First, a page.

Enforcing Convention for Wireframe Object Detection
Dimitri Fichou
Dimitri Fichou@DimitriFichou
Posted on March 13, 2019

Enforcing Convention for Wireframe Object Detection: Why we need it

Abstract

Many great ideas start on a piece of paper or a whiteboard. Why? Because hand-drawing is still the most natural, intuitive, and efficient way of structuring abstract or visual thoughts. Humans, despite their efforts to adapt to the digital world, still often perform better in analogical situations.

With this observation in mind, we decided to focus on one specific use case: automate the generation of production-ready code from hand-drawn wireframes, and at this stage, we believe that having a digital proof of concept straight out of a shareholder meeting is not a distant dream anymore.

As explained in this  previous article, we aim to use artificial intelligence (AI) and machine learning (ML) in different points of our platform. However, we know that ML cannot solve every problem, at least for now. Our  vision API  is part of a bigger ecosystem and it ‘only’ takes care of detection bounding boxes. Those raw bounding boxes must then be converted into a User Interface Definition Language (UIDL) representation. Afterwards, our  code generators  - and some proprietary decision-making layers - can take over to generate the code.

A screenshot of Stack Overflow website homepage next to a drawn wireframe of the same page.

Screenshot and wireframe of  Stackoverflow.com

Need for data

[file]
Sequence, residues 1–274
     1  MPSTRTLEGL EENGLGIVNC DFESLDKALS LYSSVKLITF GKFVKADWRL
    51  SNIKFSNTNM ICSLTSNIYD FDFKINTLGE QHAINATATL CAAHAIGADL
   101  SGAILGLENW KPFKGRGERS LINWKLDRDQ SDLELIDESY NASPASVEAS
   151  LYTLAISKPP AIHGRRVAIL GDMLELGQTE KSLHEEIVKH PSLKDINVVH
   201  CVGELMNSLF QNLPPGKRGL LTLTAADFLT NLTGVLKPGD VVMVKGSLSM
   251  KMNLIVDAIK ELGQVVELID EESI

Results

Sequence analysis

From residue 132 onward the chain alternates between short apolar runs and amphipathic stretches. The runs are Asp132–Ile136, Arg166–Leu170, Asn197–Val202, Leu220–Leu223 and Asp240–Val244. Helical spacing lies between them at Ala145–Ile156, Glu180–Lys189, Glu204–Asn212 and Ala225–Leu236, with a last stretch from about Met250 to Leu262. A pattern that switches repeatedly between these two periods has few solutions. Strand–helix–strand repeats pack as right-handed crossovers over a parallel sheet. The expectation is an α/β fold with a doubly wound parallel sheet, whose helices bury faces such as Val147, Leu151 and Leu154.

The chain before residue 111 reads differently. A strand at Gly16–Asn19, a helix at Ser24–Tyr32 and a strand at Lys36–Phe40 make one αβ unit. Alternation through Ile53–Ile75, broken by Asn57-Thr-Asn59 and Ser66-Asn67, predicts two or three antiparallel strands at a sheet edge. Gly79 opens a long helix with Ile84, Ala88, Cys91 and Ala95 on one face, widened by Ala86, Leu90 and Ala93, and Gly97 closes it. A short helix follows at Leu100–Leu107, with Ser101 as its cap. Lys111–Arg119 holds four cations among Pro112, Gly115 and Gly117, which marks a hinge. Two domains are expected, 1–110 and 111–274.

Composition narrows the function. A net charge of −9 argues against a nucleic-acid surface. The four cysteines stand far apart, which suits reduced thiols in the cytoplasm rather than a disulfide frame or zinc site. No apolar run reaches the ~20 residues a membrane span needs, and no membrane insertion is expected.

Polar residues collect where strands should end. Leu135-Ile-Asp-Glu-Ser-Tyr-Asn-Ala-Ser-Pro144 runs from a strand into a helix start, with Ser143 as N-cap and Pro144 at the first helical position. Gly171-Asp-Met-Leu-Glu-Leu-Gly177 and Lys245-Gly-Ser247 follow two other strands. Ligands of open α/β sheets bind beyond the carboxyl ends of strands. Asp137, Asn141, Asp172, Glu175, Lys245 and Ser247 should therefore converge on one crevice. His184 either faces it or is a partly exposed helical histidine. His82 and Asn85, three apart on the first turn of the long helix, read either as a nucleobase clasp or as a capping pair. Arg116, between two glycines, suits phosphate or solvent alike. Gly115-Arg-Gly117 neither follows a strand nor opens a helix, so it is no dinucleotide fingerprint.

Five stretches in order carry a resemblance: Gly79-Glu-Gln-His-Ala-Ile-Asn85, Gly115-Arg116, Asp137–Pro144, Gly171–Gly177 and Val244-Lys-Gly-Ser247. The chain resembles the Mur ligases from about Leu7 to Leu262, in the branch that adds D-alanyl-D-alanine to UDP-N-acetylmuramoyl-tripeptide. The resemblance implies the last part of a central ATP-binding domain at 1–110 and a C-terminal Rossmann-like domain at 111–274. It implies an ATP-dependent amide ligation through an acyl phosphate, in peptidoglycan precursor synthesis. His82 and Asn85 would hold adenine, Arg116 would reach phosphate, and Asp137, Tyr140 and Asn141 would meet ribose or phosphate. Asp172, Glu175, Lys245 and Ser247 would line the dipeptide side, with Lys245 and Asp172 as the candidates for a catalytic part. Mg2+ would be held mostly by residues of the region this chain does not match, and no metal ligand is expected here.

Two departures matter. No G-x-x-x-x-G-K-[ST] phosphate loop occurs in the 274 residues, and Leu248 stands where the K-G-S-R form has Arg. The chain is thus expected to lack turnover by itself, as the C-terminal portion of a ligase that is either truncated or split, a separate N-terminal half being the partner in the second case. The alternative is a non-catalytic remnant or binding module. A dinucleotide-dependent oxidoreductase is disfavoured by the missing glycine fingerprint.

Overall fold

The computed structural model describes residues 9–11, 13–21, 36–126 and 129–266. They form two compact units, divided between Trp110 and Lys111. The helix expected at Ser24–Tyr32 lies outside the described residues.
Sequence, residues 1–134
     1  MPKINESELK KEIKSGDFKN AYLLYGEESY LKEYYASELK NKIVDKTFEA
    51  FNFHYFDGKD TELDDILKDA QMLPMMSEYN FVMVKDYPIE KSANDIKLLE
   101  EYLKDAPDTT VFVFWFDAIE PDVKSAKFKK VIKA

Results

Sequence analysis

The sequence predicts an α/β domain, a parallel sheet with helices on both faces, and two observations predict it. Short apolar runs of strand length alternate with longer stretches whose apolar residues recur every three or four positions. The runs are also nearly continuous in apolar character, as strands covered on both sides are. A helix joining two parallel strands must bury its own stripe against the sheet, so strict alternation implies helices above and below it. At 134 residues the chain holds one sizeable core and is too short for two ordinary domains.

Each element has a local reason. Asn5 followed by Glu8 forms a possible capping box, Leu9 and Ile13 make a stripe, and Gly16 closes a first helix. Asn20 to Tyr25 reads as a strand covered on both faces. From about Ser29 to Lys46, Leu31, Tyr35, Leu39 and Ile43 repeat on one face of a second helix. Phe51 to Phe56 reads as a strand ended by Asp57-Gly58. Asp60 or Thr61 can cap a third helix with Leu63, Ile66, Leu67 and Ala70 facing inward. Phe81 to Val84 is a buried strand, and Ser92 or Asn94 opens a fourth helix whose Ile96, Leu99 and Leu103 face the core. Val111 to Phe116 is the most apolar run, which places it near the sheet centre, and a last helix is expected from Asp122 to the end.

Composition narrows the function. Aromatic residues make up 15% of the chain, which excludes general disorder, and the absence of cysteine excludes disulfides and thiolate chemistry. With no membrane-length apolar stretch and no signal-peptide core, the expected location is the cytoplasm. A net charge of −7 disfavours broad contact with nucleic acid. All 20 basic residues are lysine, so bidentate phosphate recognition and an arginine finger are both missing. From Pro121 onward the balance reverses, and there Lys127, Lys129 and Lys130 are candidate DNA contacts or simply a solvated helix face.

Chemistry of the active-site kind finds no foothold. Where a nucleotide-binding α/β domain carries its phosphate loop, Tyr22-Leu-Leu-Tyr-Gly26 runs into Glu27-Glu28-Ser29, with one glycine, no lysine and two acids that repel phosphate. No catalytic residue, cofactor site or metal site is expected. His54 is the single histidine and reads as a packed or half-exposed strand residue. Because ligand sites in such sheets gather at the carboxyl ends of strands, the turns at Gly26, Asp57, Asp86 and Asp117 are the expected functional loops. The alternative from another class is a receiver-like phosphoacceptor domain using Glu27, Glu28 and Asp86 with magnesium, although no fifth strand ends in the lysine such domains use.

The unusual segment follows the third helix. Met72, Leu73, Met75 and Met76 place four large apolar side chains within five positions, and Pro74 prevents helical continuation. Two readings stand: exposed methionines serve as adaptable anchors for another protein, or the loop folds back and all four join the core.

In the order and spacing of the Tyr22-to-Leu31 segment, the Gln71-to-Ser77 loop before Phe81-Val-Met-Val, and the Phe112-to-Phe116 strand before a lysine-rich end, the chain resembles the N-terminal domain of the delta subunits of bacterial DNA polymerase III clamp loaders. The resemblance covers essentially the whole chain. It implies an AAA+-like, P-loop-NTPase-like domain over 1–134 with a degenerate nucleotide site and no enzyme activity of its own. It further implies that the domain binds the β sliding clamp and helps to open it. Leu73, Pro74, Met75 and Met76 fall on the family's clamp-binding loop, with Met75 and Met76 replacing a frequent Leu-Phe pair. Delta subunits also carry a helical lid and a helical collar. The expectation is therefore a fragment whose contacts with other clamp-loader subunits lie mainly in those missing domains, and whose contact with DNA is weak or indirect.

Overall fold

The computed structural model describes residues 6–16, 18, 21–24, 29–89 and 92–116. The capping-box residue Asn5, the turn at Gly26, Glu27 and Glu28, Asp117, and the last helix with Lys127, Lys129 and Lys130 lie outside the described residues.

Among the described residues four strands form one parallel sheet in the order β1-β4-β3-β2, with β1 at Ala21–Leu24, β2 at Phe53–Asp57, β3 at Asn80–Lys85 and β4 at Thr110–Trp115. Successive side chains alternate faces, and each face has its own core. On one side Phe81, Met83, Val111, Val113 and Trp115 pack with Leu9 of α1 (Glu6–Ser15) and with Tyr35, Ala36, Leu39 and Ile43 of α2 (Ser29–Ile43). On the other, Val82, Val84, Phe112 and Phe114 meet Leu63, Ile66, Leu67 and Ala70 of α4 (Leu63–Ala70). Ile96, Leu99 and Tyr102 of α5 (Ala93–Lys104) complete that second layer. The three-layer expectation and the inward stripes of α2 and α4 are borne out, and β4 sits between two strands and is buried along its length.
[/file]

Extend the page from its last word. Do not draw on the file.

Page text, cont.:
On paper, for a data scientist, the problem looks very simple: we have pictures or scans of wireframes that are annotated so that we know where elements like images, buttons, and texts are. Looks easy, so let’s just go online and collect some images and we’ll annotate them later.

Three drawn wireframes we found online.

A few wireframes we found on the web

To get started, we decided to harvest free data from the web. This was good enough to get a rough idea about the nature of the data we were about to work with, but it also allowed us to realize that this source could not provide enough images to train an ML model. Then, we stumbled upon a second issue which was that nobody had the same conventions when drawing wireframes... As a matter of fact, later on in the process of collecting data, we learned that quite often there are specific guidelines inside each organization.

To solve these first issues, we decided to make our own guidelines and started drawing wireframes ourselves. Once every team member contributed, we decided to “friendsource” our data and went around to ask each of our (awesome!) friends to draw wireframes for us as well. This is definitely not a viable strategy at scale as friends come in very limited supply but it allowed us to have an initial coherent collection of hand-written wireframes.

Our current guidelines on wireframe building convention.

Our current wireframe drawing guidelines

We had the X but still needed the Y

The simplest intuition on machine learning is that the computer learns a function, by itself, to predict Y from X by looking at a large number of examples. At that point, we were a few hundred images rich, so we had the X. We knew this would be enough for a proof of concept so we went on to the next step: annotations to get the Y.

We started manually annotating each drawn wireframe to pinpoint where our images, buttons, and texts were placed. Useless to say that this task wasn’t the most pleasant part of this initiative, but nothing comes for free in this life, so we just bit the bullet.